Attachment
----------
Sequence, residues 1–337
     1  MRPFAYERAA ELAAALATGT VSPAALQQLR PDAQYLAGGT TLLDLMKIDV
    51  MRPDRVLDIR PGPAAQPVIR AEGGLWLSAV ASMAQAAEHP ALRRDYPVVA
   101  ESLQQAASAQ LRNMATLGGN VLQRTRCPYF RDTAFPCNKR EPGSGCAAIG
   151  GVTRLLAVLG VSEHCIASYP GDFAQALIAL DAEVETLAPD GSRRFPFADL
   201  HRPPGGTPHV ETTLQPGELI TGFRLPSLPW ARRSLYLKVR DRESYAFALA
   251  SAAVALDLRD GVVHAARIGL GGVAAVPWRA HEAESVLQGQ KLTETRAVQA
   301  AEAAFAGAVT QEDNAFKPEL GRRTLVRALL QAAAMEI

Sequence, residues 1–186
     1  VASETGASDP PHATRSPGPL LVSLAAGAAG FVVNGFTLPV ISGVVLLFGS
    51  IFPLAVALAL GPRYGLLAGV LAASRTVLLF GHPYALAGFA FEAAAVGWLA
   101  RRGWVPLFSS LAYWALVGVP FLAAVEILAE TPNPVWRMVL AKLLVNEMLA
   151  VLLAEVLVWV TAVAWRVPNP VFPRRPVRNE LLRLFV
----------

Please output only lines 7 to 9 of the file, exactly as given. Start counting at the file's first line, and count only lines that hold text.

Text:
   251  SAAVALDLRD GVVHAARIGL GGVAAVPWRA HEAESVLQGQ KLTETRAVQA
   301  AEAAFAGAVT QEDNAFKPEL GRRTLVRALL QAAAMEI

Sequence, residues 1–186